Academic studies into the effectiveness of donor and foundation-supported media development and journalism support programmes that address disinformation & information disorder.

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A book review by Audrey Hatfield is available here.

Much of existing research on disinformation and fake news focuses on Western cases and is grounded in the psychology of individual behavior. “Disinformation in the Global South”, a book edited by Herman Wasserman and Dani Madrid-Morales, explores how these behaviors are often mired in specific historical, social and political contexts. Along with a team of experts, Wasserman and Madrid-Morales outline the histories, theories, and methods that encompass disinformation and sample cases from the Global South.


This study investigates the impact of 'fake' news in the context of COVID-19 in Nigeria, which led to fake cures headlines. The authors conclude that “...social media was overwhelmingly the most used type of media for news consumption generally, and the most important source of news about the pandemic. [...] recalling and believing fake news headlines and using social media as the main source of news, significantly decreases the likelihood of believing credible and real news stories.”

University of Oxford - FELIX M SIMO & CHICO Q CAMARGO

The authors "trace the origins and use of the ‘infodemic’ metaphor and examine the blind spots inherent in this seemingly intuitive term. Drawing from literature in the cognitive sciences and communication studies, we show why information does not spread like a virus and point out how the ‘infodemic’ metaphor can be misleading, as it conflates multiple forms of social behaviour, oversimplifies a complex situation and helps constitute a phenomenon for which concrete evidence remains patchy. We point out the existing tension between the usefulness of the widespread use of the term ‘infodemic’ and its uncritical adoption, which we argue can do more harm than good, potentially diluting the quality of academic work, public discourse and contributing to state overreach in policymaking."

Proc. ACM Hum.-Comput. Interact., Vol. 4, No. CSCW2, Article 130.

This exploratory study examined how journalists, fact-checkers, and Internet users in Bangladesh experience and confront online misinformation. Among its findings, it notes that most Bangladeshi news organizations do not have dedicated fact-checking units and do not actively debunk viral misinformation and hoaxes; the three notable Bangladeshi fact-checking organizations are under-resourced, often work voluntarily, and face political pressure, and there is a disconnect between the mainstream media organizations and the independent fact-checkers. The research paper recommends collaboration between the two.


Since 2016, there has been an explosion of interest in misinformation and its role in elections. Research by news outlets, government agencies, and academics alike has shown that millions of Americans have been exposed to dubious political news online. However, relatively little research has focused on documenting the effects of consuming this content. Our results suggest that many claims about the effects of exposure to false news may be overstated, or, at the very least, misunderstood.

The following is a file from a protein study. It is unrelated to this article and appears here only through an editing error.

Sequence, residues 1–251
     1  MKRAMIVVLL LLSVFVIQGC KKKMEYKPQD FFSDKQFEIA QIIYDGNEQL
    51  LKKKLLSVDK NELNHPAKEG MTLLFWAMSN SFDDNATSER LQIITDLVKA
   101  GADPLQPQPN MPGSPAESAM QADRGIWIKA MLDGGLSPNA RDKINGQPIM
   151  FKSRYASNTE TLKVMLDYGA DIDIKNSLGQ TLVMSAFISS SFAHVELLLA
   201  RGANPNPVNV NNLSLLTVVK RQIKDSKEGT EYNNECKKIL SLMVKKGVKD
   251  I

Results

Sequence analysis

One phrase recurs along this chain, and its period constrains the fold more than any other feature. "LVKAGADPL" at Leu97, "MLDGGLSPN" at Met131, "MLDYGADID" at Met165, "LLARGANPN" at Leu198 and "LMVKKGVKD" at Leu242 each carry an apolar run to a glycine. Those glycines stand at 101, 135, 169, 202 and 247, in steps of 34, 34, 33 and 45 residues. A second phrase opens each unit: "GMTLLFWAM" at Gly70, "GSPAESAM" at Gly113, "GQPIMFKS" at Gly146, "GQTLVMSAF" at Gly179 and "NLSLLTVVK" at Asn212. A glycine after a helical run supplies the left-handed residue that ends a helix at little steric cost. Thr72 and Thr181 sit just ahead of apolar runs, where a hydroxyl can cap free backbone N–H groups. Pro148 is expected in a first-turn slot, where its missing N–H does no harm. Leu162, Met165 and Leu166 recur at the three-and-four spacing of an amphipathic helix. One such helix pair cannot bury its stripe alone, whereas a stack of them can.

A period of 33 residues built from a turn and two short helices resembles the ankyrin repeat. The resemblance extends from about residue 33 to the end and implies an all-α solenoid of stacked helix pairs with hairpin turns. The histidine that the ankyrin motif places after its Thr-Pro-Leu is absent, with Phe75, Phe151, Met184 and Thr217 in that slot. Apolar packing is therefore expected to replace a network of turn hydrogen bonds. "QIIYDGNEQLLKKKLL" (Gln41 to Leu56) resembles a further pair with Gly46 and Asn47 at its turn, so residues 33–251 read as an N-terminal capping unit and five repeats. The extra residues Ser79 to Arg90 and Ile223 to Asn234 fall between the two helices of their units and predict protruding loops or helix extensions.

The International Journal of Press/Politics - EDDA HUMPRECH, FRANK ESSER, PETER VAN AELST

Online disinformation is considered a major challenge for modern democracies. It is widely understood as misleading content produced to generate profits, pursue political goals, or maliciously deceive. Our starting point is the assumption that some countries are more resilient to online disinformation than others. To understand what conditions influence this resilience, we choose a comparative cross-national approach. In the first step, we develop a theoretical framework that presents these country conditions as theoretical dimensions. In the second step, we translate the dimensions into quantifiable indicators that allow us to measure their significance on a comparative cross-country basis. In the third part of the study, we empirically examine eighteen Western democracies. A cluster analysis yields three country groups: one group with high resilience to online disinformation (including the Northern European systems, for instance) and two country groups with low resilience (including the polarized Southern European countries and the United States). In the final part, we discuss the heuristic value of the framework for comparative political communication research in the age of information pollution.

AFRICAN JOURNALISM STUDIES - Herman Wasserman & Dani Madrid-Morales

In recent years, concerns about the perceived increase in the amount of “fake news” have become prevalent in discussions about media and politics, particularly in the United States and Europe. However, debates around “fake news”, even if some object to the use of the term due to it being loosely defined, appear to speak of processes that occur not only in the Global North but also elsewhere. In Africa, mis- and disinformation campaigns have been used to influence political agendas, and governments have responded with countermeasures. This article explores the phenomenon in Kenya, Nigeria and South Africa using data from a two-wave online survey (N = 1847). We find that perceived exposure to disinformation is high, and that trust in social and national media is low. We also identify a significant relationship between higher levels of perceived exposure to disinformation and lower levels of media trust in South Africa. The limitations of this study, which focuses on a subset of the population that is highly educated, the implications of our findings, and recommendations for future research are discussed.


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